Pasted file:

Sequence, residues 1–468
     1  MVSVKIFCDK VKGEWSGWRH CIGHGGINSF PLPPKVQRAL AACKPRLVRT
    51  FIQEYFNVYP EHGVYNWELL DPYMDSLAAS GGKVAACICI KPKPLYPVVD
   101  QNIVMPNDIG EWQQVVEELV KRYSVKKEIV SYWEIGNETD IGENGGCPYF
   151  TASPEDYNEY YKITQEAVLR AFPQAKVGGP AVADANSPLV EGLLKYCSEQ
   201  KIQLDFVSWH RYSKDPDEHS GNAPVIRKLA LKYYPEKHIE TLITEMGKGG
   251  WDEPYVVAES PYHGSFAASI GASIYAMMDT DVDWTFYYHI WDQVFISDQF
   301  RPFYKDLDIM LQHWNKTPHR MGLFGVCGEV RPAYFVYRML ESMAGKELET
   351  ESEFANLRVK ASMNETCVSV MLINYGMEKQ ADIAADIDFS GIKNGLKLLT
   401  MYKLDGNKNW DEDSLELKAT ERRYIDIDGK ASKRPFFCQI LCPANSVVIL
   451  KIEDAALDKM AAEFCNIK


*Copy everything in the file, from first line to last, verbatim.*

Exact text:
Sequence, residues 1–468
     1  MVSVKIFCDK VKGEWSGWRH CIGHGGINSF PLPPKVQRAL AACKPRLVRT
    51  FIQEYFNVYP EHGVYNWELL DPYMDSLAAS GGKVAACICI KPKPLYPVVD
   101  QNIVMPNDIG EWQQVVEELV KRYSVKKEIV SYWEIGNETD IGENGGCPYF
   151  TASPEDYNEY YKITQEAVLR AFPQAKVGGP AVADANSPLV EGLLKYCSEQ
   201  KIQLDFVSWH RYSKDPDEHS GNAPVIRKLA LKYYPEKHIE TLITEMGKGG
   251  WDEPYVVAES PYHGSFAASI GASIYAMMDT DVDWTFYYHI WDQVFISDQF
   301  RPFYKDLDIM LQHWNKTPHR MGLFGVCGEV RPAYFVYRML ESMAGKELET
   351  ESEFANLRVK ASMNETCVSV MLINYGMEKQ ADIAADIDFS GIKNGLKLLT
   401  MYKLDGNKNW DEDSLELKAT ERRYIDIDGK ASKRPFFCQI LCPANSVVIL
   451  KIEDAALDKM AAEFCNIK